The Commercial Appeal

Idaho bill aims to reduce wolf population by 90%

- Keith Ridler

BOISE, Idaho – A Republican-dominated state Senate committee on Tuesday approved legislatio­n allowing the state to hire private contractor­s to kill about 90% of the wolves roaming Idaho.

The Senate Resources and Environmen­t Committee voted 6-2 with no Democratic support to approve the agricultur­e industry-backed bill that includes substantia­l other changes intended to cut the wolf population from about 1,500 to 150.

Backers said there are too many wolves in Idaho and they’re attacking cattle, sheep and wildlife, costing agricultur­e producers hundreds of thousands of dollars and reducing the number of deer and elk available for hunters.

Opponents said the legislatio­n threatens a 2002 wolf management plan involving the federal government that could ultimately lead to the U.S. Fish and Wildlife Service taking back control of managing the state’s wolves.

The Idaho Department of Fish and Game reported in February that the wolf population has been holding at about 1,500 the past two years. The numbers were derived by using remote cameras and other methods.

About 500 wolves have been killed in the state in each of the last two years by hunters, trappers and wolf control measures carried out by state and federal authoritie­s.

A primary change in the new law is the hiring of private contractor­s to kill wolves. The legislatio­n includes increasing the amount of money the Idaho Department of Fish and Game sends to the Idaho Wolf Depredatio­n Control board from $110,000 to $300,000. The board, created in 2014, is an agency within the governor’s office that manages state money it receives to kill wolves.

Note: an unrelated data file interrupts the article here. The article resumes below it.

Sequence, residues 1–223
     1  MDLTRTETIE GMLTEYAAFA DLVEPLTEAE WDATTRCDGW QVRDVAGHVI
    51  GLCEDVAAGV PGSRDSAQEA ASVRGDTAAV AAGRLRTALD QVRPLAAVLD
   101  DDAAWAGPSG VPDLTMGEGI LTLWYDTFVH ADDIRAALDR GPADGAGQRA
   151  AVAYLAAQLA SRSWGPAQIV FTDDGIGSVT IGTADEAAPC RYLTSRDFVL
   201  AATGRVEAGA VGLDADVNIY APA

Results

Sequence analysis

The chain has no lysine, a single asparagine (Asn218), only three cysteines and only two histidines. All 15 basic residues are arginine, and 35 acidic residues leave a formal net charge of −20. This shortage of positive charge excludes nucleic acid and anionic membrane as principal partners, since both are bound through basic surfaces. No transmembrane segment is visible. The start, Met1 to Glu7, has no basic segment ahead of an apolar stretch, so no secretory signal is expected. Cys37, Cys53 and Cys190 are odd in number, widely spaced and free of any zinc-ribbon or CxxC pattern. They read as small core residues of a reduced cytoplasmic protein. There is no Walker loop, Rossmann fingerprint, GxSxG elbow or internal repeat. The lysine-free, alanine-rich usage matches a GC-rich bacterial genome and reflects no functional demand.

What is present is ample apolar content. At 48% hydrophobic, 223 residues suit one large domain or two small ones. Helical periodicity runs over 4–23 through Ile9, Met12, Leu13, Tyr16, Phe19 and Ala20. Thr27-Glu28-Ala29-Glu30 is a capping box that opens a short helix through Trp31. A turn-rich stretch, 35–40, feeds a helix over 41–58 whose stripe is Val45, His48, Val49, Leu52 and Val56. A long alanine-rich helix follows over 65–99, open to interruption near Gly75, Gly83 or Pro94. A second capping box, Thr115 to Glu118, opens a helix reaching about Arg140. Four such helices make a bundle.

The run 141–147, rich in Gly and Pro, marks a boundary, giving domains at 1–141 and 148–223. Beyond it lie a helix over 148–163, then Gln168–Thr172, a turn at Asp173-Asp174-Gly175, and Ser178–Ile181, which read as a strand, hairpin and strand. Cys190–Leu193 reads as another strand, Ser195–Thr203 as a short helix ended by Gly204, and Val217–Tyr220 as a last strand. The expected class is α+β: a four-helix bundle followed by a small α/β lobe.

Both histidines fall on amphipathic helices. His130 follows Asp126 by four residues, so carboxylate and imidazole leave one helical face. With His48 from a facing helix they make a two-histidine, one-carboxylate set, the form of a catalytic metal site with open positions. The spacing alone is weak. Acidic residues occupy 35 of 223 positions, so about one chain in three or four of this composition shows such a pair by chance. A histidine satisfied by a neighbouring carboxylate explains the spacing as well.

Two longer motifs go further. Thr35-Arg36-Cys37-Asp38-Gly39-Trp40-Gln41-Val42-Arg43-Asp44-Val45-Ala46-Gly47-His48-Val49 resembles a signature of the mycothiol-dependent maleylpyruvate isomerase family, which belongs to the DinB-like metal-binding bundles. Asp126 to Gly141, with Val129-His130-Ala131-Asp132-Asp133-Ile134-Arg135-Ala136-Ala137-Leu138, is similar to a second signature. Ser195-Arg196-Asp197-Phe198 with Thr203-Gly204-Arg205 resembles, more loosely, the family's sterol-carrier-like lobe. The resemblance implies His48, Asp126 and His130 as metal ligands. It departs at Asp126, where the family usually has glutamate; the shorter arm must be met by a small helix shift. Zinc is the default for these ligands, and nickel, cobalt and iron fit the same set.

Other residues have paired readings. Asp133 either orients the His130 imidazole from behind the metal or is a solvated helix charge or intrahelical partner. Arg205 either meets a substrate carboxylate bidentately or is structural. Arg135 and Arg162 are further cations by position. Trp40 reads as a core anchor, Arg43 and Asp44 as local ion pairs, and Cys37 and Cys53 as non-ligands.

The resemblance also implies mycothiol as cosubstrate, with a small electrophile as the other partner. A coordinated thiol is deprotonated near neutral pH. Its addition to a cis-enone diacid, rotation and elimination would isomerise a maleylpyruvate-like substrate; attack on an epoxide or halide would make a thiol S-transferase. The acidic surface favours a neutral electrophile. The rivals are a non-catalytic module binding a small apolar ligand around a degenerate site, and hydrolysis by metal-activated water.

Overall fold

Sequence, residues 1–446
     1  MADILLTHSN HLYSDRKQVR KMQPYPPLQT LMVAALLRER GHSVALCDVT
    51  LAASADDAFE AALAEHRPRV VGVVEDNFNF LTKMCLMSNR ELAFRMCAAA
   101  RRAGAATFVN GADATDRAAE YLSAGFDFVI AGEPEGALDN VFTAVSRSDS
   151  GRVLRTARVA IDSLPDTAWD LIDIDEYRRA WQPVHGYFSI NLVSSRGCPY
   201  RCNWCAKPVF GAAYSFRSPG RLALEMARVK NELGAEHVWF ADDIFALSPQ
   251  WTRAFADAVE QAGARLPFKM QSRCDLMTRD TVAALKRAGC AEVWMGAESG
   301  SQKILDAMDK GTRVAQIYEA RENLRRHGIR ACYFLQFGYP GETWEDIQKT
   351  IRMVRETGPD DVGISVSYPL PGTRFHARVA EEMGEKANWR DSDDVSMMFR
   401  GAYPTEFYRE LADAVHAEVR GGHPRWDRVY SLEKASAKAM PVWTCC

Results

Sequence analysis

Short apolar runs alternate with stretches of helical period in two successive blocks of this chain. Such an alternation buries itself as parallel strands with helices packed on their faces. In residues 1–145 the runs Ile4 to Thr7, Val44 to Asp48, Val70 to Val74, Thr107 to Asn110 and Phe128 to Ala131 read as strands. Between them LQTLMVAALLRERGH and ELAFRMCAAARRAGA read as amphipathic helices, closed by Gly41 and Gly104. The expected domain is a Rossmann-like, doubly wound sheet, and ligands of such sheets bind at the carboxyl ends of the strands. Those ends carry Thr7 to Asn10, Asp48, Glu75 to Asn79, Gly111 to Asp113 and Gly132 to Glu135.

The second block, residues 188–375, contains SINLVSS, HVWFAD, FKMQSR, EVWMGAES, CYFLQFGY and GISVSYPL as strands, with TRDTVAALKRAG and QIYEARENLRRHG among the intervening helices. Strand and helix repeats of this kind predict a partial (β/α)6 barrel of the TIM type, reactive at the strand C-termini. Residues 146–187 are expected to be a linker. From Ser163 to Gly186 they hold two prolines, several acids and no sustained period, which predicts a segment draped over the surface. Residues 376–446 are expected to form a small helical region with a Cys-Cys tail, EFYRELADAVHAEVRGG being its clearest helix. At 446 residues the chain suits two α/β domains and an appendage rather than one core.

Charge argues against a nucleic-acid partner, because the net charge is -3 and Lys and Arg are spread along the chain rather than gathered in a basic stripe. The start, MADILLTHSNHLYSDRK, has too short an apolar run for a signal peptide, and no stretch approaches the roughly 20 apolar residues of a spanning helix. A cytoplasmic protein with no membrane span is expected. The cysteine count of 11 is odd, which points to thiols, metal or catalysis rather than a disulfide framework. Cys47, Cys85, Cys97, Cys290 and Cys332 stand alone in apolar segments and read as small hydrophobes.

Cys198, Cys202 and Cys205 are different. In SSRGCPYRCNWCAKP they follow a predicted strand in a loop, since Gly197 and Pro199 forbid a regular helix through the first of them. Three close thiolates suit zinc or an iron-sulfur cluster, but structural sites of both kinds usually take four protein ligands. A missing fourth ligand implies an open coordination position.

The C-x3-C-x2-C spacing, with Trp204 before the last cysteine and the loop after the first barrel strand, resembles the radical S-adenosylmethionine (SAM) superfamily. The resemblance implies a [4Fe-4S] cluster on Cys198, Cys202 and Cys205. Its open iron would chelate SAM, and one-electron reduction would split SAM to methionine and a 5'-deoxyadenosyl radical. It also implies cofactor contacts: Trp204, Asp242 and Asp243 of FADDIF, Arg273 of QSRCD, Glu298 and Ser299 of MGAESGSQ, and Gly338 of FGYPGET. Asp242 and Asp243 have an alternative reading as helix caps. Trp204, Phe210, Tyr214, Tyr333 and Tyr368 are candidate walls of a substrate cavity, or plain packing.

Other changes in the legislatio­n include removing any limit on the number of wolf tags issued to a hunter, meaning there would be no restrictio­n on how many wolves one person is allowed to kill.

Wolves, though, have proved difficult to find and kill for the vast majority of hunters and trappers.

The legislatio­n also combines a hunting tag with a trapping and snaring tag, meaning only one tag is needed for those combined methods. Wolf trapping would be allowed year-round on private land.

In addition, the legislatio­n makes changes to allow hunting wolves with ATVS and snowmobile­s, methods allowed for animals classified as predators, such as coyotes.

Also, state agencies outside of Idaho would be allowed to kill wolves in Idaho.

“Could you tell me if there’s anything that’s not allowed as far as the take of wolves?” Democratic Senate Minority Leader Michelle Stennett asked the bill’s sponsor, Republican Sen. Van Burtenshaw, after he finished listing the proposed changes to state law in the bill.

“There’s nobody in this group that wants to wipe out the wolves completely,” Burtenshaw said. “We want to manage the wolves, we want them to be not wiped out, that’s not our plan here, but to be managed to a level that we can deal with the issues that are ahead of us, and that is depredatio­n.”

 ?? DOUG PIZAC/AP FILE ?? Wolves in Idaho are said to be costing agricultur­e producers and hunters by attacking cattle, sheep and wildlife.
DOUG PIZAC/AP FILE Wolves in Idaho are said to be costing agricultur­e producers and hunters by attacking cattle, sheep and wildlife.

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